kabuki

(redirected from Kabuki Theatre)
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Related to Kabuki Theatre: Noh theatre

Ka·bu·ki

 (kə-bo͞o′kē)
n.
A type of popular Japanese drama, evolved from the older Noh theater, in which elaborately costumed performers, nowadays men only, use stylized movements, dances, and songs in order to enact tragedies and comedies.

[Japanese, art of singing and dancing : ka, singing (from Middle Chinese ka; also the source of Mandarin) + bu, dancing; see buto + ki, art, artist (from Middle Chinese kɦi`; also the source of Mandarin).]

kabuki

(kæˈbuːkɪ)
n
(Theatre) a form of Japanese drama based on popular legends and characterized by elaborate costumes, stylized acting, and the use of male actors for all roles. See also No1
[Japanese, from ka singing + bu dancing + ki art]

ka•bu•ki

(kəˈbu ki, ˈkɑ buˌki)

n.
a popular drama of Japan characterized by elaborate costuming, stylized acting, and the performance of all roles by male actors. Compare Nō.
[1895–1900; < Japanese]

kabuki

1. A Japanese word meaning singing dancing art, used to mean a type of traditional Japanese drama.
2. Highly stylized traditional Japanese theater with music and dance.
Translations
KabukiKabukitheater
歌舞伎
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References in periodicals archive ?
With luxurious manes, short horns and faces that appear to be shaped like rugby balls, mascots "Ren" and "G" are inspired by "shishi," the mythical lion-like figure that features in Japan's new year celebrations and kabuki theatre.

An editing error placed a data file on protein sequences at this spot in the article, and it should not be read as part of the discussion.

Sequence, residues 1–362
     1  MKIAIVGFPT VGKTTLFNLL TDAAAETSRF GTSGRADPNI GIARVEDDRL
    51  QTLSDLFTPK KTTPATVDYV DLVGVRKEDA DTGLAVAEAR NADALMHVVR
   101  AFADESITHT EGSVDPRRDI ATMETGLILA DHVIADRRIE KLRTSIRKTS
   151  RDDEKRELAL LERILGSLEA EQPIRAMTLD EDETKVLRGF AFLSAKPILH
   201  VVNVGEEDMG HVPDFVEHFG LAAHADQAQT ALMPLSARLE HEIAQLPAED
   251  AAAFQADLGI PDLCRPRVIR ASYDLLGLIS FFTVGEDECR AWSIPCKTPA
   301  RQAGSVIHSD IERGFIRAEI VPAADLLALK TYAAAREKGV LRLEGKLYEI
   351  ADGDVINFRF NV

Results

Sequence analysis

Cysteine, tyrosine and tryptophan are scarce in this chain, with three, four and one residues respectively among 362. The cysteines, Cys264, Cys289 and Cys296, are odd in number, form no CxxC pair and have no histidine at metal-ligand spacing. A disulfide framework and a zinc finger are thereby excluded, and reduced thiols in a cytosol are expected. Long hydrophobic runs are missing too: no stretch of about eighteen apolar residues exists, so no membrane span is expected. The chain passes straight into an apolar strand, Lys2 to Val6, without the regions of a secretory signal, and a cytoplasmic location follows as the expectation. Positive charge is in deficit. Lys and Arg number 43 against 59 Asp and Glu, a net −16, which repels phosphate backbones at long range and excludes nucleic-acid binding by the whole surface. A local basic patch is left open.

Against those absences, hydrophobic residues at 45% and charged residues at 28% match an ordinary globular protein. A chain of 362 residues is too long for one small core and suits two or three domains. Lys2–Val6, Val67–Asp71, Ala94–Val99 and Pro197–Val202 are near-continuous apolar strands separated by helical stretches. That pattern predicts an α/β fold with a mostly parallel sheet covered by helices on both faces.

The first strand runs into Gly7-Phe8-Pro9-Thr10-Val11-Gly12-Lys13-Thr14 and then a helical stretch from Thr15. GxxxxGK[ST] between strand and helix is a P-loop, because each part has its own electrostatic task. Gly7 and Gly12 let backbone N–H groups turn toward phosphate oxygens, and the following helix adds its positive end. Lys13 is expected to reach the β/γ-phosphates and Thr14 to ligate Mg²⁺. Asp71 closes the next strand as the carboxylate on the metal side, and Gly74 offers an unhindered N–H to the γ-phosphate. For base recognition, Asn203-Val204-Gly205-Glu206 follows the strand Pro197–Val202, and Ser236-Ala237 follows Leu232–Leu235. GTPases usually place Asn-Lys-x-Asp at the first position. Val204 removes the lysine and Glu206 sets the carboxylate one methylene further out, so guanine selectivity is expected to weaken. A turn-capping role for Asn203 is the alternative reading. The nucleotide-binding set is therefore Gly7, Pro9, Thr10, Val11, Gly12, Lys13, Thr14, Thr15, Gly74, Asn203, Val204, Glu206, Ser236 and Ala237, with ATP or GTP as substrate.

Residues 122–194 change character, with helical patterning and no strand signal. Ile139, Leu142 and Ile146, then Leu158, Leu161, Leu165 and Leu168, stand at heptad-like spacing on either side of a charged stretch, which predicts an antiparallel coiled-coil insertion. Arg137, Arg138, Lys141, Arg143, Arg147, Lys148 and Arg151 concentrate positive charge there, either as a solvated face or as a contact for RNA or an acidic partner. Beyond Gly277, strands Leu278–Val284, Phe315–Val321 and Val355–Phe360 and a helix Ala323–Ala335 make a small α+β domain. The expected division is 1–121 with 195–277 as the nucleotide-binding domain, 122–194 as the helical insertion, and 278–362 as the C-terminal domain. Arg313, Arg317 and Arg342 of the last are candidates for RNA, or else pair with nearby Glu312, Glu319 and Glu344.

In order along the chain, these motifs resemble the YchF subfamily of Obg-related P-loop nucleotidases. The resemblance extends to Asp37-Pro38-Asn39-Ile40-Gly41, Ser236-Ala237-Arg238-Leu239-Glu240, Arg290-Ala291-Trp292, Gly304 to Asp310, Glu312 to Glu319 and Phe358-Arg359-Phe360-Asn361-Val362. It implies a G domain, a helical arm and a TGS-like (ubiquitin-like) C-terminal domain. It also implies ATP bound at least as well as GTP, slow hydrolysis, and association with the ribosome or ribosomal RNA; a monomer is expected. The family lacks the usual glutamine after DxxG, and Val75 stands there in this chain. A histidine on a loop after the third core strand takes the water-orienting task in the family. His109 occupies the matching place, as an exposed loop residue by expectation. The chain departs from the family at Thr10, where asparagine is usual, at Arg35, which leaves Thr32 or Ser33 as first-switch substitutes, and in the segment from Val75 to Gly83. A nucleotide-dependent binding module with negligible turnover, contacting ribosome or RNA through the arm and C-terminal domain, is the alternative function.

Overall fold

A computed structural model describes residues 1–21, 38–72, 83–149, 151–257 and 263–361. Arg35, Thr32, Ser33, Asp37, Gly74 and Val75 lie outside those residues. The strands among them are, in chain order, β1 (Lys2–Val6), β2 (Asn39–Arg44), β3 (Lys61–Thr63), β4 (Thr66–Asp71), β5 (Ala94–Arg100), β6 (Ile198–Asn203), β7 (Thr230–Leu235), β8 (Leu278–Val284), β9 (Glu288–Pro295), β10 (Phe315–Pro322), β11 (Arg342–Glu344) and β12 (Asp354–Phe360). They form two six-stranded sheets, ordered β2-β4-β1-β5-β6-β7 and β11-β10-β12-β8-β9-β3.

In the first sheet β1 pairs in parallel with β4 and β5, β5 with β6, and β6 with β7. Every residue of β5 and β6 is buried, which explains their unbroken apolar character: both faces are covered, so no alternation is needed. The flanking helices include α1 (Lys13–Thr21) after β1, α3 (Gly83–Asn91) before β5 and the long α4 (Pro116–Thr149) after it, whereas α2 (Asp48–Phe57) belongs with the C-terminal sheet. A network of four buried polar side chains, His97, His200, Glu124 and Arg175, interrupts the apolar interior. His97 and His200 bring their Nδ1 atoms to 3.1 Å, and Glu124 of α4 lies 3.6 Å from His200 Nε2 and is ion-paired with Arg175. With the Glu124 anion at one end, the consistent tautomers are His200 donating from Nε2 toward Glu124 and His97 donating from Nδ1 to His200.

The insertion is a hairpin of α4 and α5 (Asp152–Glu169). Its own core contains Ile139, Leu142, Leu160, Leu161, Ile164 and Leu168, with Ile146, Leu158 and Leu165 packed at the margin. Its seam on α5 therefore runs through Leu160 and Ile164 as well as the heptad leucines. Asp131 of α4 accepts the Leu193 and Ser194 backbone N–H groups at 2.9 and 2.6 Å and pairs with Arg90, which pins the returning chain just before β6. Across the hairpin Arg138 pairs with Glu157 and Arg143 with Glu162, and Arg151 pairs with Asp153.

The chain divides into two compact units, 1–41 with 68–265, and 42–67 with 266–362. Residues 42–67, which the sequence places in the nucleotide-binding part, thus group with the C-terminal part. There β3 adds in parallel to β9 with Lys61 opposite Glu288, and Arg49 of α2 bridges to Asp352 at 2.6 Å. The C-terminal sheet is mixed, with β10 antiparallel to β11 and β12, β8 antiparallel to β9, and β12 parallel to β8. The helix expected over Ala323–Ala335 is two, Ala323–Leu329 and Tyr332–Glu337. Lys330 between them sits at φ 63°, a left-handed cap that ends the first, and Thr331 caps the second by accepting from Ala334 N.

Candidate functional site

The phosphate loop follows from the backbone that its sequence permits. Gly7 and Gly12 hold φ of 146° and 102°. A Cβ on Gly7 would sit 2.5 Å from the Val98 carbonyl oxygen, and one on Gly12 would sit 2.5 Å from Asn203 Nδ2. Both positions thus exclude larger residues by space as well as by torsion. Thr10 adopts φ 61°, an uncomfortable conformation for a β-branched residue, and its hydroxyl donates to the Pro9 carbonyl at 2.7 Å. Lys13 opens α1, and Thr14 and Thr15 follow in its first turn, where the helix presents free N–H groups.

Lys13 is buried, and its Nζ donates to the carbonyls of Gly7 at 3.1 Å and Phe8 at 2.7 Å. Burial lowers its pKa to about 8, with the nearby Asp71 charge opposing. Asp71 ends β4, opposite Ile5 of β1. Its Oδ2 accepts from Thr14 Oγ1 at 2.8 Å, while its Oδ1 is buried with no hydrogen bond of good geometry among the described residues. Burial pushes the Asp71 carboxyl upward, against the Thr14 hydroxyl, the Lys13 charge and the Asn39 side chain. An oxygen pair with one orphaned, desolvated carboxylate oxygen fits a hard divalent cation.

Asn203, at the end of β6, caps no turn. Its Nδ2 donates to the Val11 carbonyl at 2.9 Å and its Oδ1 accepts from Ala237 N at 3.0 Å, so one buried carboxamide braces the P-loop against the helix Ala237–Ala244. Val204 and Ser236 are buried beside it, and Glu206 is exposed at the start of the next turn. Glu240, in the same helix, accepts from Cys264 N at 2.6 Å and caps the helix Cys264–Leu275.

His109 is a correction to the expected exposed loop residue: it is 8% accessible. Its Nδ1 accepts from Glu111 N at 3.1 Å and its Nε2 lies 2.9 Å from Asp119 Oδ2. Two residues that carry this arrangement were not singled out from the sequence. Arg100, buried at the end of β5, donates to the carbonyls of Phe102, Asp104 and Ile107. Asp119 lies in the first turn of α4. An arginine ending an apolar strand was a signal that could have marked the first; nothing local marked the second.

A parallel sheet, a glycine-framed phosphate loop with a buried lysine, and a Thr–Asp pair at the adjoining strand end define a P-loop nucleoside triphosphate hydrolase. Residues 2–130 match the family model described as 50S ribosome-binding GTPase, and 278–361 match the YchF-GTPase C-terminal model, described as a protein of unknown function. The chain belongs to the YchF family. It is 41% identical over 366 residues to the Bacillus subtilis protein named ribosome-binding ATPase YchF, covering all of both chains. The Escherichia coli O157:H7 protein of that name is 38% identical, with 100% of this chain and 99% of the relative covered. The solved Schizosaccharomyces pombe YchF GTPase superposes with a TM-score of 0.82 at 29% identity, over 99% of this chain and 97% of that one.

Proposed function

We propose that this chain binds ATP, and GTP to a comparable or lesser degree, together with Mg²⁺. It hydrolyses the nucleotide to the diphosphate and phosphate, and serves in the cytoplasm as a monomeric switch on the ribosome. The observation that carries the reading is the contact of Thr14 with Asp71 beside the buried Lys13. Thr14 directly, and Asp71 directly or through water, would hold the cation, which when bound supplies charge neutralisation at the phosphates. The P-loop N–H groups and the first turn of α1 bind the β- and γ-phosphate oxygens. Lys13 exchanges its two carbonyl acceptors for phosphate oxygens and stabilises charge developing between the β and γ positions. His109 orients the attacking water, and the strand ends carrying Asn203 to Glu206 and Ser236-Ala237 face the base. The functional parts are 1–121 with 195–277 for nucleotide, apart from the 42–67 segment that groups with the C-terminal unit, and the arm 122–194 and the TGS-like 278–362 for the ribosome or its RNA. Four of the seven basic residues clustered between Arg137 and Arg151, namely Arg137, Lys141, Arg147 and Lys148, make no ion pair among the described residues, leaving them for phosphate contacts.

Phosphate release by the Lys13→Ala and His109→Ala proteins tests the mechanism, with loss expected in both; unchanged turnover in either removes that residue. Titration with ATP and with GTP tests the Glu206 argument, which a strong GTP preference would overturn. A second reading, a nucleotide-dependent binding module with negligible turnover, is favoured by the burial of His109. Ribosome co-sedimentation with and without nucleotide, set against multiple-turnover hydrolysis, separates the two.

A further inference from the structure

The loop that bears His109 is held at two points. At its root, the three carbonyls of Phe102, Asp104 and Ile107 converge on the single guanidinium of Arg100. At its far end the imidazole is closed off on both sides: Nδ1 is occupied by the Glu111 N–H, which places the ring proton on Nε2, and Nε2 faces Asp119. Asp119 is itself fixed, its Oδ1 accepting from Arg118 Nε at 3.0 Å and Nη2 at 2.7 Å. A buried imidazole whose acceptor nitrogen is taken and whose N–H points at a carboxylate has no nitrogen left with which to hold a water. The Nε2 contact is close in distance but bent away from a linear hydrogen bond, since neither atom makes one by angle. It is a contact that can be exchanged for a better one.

Even some of the new neocolonial rulers continue to be ambivalent about whether they are serious about building the New Jerusalem in their independent countries, or whether they are merely engaged in a Japanese-style, Kabuki theatre, where make-up and deception is built in as part of the reality.
It remains to be seen if the probe devolves into kabuki theatre, since it's common knowledge that the PSC itself comprises party apparatchiks from across the political spectrum.
Danjuro the Seventh as Benkei the warrior monk, 1852, by Utagawa Kunisada and (below) Beauty with a kabuki theatre programme, 1852, by Utagawa Kuniyoshi.
Kabuki brushes THESE also originated in Japan, where they were used to apply make-up by actors in Kabuki theatre.
In America, we almost scoff at any idea of tradition, whereas in kabuki theatre or bunraku or the noh theatre, tradition is highly respected and is passed on with great respect and love.
It's not about the shadowy, black-clad figures depicted by actors in kabuki theatre.
As Shimazaki demonstrates, Nanboku's piece didn't just have new visual qualities; it also revolutionized the conventions of kabuki theatre.
Typical subjects include pictures of beautiful women, birds and flowers, the Kabuki Theatre and famous landscapes etc.
It will be the group's first UK tour with new artistic director Tamasaburo Bando, an actor and film-maker, who is renowned for his roles in classical Japanese dance drama, kabuki theatre.